I had almost given up hope of seeing anything I liked, but Queen Victoria's bedroom more than made up for the disappointment of the rest of the house. To see the bed where Victoria died and look up at the ceiling decorations that she must have stared at countles times was very moving. I tried to imagine the scene - only 110 years ago - in which the dying Queen was attended to by her servants, physician and loved ones, but just as I started to lose myself, the mother and daughter appeared:

"Oh yes, she was a very respectful lady..."

Fortunately they didn't stay long. But as they left, two attendants decided to begin a detailed comversation about their dogs' health and the resulting vet bills. I gave up.

One other thing I liked about Osborne House was the gallery devoted to Indian nobles. It looked as if Queen Victoria took her role as Empress of India very seriously, devoting several rooms to portraits of maharajas and artifacts from the subcontinent.

I had no idea that Victoria went to great pains to learn Urdu and a display case showed a page from an exercise book in which she had written several passages in the local script. Perhaps the recent memory of the Indian Mutiny had prompted a more respectful attitude on the part of the British.

But even if you don't like vulgar, excessively ornate 19th century interiors, Osborne House is worth visiting for the beauty of its grounds. The formal gardens had an idyllic, arcadian quality; like a ruined Greek temple:

However, at the edge of the grounds through a gap in the trees, I caught a glimpse of my true arcadia:

6. Carisbrooke Castle:

There isn't much to say about Carisbrooke Castle; it's just a beautiful place with a wonderful panorama of the surrounding countryside. Charles I was held prisoner here after Parliament had won the English Civil War and although it can't have been a terribly happy time for him, at least he had a room with a view:

After exploring the grounds, I went to the tea shop and ordered a cup of tea and a slice of cake (it's a rock n'roll life). Instead, I got a pot of tea and a huge wedge of Victoria sponge. No wonder there's an obesity crisis.

I've noticed that portions have doubled in size over the last 20 years, with a standard packet of crisps going from 20g to 40g. I can understand why this has happened: a manufacturer who sells a 15p slice of cake for £1.70 can now sell a 30p wedge of Victoria sponge for £3.40, making almost £2 additional profit for doubling the portion.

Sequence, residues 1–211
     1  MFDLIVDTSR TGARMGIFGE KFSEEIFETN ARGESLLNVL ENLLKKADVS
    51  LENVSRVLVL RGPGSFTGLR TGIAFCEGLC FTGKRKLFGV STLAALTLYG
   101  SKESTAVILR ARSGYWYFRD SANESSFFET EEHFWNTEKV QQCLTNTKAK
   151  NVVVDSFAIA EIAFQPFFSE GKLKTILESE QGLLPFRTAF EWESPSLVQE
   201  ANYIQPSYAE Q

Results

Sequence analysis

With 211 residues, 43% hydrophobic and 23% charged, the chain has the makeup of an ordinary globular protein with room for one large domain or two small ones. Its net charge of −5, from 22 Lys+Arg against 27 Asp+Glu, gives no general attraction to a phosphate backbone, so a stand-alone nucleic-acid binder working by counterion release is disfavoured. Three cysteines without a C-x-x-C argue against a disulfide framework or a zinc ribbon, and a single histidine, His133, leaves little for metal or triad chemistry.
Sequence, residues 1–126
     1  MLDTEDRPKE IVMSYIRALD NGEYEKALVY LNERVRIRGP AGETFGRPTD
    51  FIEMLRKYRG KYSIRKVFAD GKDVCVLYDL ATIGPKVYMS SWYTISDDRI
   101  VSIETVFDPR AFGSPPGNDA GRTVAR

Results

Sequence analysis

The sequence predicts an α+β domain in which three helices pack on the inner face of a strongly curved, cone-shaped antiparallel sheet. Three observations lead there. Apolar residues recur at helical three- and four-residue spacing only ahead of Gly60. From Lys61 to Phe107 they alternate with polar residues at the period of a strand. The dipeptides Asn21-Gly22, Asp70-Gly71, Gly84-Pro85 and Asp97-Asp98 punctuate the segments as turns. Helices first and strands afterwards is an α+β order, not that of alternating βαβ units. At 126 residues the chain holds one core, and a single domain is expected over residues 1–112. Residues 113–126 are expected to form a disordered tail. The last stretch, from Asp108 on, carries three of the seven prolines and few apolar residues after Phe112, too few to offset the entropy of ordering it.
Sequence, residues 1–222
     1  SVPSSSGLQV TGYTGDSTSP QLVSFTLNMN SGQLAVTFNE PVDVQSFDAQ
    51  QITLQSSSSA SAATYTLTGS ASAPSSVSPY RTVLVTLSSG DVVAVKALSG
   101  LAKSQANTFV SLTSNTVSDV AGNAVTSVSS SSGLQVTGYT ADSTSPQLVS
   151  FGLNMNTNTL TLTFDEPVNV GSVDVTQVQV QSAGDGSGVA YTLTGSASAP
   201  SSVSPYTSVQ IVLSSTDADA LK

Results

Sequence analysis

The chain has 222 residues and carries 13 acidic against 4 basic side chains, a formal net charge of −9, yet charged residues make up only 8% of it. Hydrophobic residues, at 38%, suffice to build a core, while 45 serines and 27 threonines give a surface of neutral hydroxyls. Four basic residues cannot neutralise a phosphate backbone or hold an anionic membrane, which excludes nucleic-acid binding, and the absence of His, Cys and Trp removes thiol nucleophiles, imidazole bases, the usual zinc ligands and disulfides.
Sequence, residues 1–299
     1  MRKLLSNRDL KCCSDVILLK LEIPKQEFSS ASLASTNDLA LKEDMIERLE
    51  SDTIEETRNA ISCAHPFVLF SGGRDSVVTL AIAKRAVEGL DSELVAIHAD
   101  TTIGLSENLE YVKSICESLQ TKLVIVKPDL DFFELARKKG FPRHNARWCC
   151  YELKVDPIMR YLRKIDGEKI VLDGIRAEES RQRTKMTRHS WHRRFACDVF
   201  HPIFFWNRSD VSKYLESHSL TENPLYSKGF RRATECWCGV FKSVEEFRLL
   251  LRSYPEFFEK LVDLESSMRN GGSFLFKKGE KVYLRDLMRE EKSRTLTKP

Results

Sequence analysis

But the end result is that I'm stuck on a staircase behind a 30 year-old woman who is wheezing like a consumptive war veteran. It's not good.

In the tea shop, I was joined by a couple who spoke in a loud nasal accent about how "taahribly entrahsted" they were in the Castle's past:

"In Tennesse we met a chap who claimed that he was descended from one of the signatories of Charle's I's death warrant. He seemed convinced that because of this he wouldn't be allowed into England and nothing we said could change his mind..."

There was a pause.

"Still, perhaps he wouldn't be let in for other reasons! Hwah, hwah, hwah!"

I was happy in Carisbrooke Castle, but all my sons wanted to do was go back to the house and continue playing with the Wii. My youngest son complained that "you're taking us out all the time. This is the worst day of my life since the start of the world."

It was very frustrating to realise that all my sons wanted to do was stay in and play computer games. I'd vaguely entertained the idea of buying a Wii - I'd fallen for the marketing spiel about getting families to play together, but it's bollocks. All of these games suck the imagination dry, replacing original thought with predetermined scenarios and ghastly soundtracks that repeat the same leitmotifs, ad nauseum.

Worst of all, I was also becoming addicted to the Wii. When, on the last morning, I realised that I was the first person to wake up, I crept downstairs to see if I could beat the high score in Wii Sports. I'd developed a genuine dislike of a character called Martin, who kept stopping me get to the next level. I had a score to settle with him:

But I haven't completely lost hope. I'd say that the moment when we were all at our happiest was on a summer's evening, walking along the cliff tops to the Old Needles Battery. Away from the distractions of the Wii and the temptations of 'family' theme parks (our one vist to a theme park lasted for a mere 15 minutes, as a girl vomitted in front of us within 10 seconds of arriving and my son got stung by a bee), we managed to find our 'mojo'.

Sometimes the best things in life are free.